Spectrum to C5: How Clive Sinclair began the UK’s tech revolution from a house in Islington
- Credit: PA
Multimillionaire inventor Sir Clive Sinclair was Britain’s leader of the microchip revolution - and started the venture from his Islington home with a £25 investment.
The maverick entrepreneur and inventor, who died at his London home on Thursday morning (September 23) aged 81, masterminded an incredible shrinking world of tiny computers, televisions and even cars.
The guru of new technology, who popularised the home computer and pocket calculator, also envisaged a world where robots would carry out our every command.
He was born on July 30 1940 into a middle-class London background. His father was an engineer and designer of machine tools.
Sir Clive who attended the fee charging Highgate School in North Road, quit formal education aged 17 to become a technical journalist with Practical Wireless, where he wrote specialist manuals.
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But after four years, aged 22, he formed his first company, Sinclair Radionics.
He set up the company at a house in Islington in 1962, with just £25 borrowed from a friend.
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The firm made small radio kits and sold them by mail order, the most well known being a matchbox-sized product which was the smallest transistor radio in the world.
In 1967, Sir Clive moved his company to Cambridge, where a “club” of self-made young entrepreneurs with revolutionary business thinking was starting to form.
He pioneered the pocket calculator, which earned him the title of “electronics wizard”, but had tough competition from Japan and the US in the fast-moving consumer markets.
An expansion into digital watches led to trouble, but in 1976 the Labour government’s National Enterprise Board (NEB) poured in capital to help him complete development of his first miniature television set.
It was launched as the world’s smallest television set, having only a two-inch screen, but Sir Clive ran into trouble again with an almost £2 million loss.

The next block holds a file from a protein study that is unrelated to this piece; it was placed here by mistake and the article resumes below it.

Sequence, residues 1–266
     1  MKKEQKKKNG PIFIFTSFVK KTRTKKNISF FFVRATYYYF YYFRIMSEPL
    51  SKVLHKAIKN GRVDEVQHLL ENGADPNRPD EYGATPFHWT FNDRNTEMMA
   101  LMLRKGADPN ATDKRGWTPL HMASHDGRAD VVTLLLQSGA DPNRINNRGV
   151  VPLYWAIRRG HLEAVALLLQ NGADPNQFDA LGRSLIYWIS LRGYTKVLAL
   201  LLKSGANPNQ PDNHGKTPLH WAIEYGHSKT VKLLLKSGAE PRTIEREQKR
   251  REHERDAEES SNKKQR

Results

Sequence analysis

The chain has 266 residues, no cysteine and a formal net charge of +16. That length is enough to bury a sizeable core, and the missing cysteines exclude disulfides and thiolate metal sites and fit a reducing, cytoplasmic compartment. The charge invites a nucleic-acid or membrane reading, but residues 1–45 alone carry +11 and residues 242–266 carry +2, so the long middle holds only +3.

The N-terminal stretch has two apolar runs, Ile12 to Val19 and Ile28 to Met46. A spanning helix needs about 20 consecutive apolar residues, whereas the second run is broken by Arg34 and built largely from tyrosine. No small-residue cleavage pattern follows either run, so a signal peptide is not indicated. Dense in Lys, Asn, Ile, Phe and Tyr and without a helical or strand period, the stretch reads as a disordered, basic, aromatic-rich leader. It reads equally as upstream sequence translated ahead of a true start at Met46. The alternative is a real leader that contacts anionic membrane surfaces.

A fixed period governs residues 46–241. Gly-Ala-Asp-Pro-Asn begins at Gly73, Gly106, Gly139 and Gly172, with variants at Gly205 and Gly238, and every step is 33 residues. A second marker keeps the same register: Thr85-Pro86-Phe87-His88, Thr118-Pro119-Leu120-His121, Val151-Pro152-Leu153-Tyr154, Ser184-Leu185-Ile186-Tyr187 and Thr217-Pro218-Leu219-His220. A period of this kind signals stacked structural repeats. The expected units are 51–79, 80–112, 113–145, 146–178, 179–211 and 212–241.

By 1979, the NEB saw the future of Sinclair Radionics in the steady business of selling scientific instruments in known markets, but Sir Clive wanted the rollercoaster world of consumer electronics and left with a reported £10,000 golden handshake.
He set up his current company, Sinclair Research, at the start of the computer boom and in 1980 launched the Sinclair ZX 80 personal computer, which astonished the world.
Barely a generation before, computers cost thousands of pounds and occupied special rooms. The ZX 80 measured 9in x 7in x 2in and cost just £99.95.
Sir Clive then launched the even more powerful ZX 81 in March 1981. It sold half a million units with the price tag cut to under £50 before the American and Japanese competition could catch up.
In April 1982 he launched the ZX Spectrum, the start of a wider and more powerful range of Sinclair computers to come, and the next year Sinclair had become the first company in the world to sell more than a million computers – making it a household name around the Western world.
Sir Clive also realised a radical change in television design with a new version of the Sinclair pocket television, using a unique flat screen.
He had numerous other projects on the boil, the biggest gamble being a small, highly manoeuvrable electric car.
The C5 was a low-set, one-person, battery-powered tricycle. It was a critical and commercial flop, but went on to become a cult item for collectors.
In 1983 Sir Clive bought a 200-year-old manor house near Cambridge and offered top salaries to scientific geniuses to establish his own “think tank”.
He owned 95 per cent of his company when 10pc of its shares were placed in the city in 1983.
The outcome then valued his personal worth at around £130 million, making him one of the country’s richest men.
At the time he separated from his wife, they had three children.
He was knighted in the birthday honours in June 1983 after his many accomplishments had been praised as examples to British industry.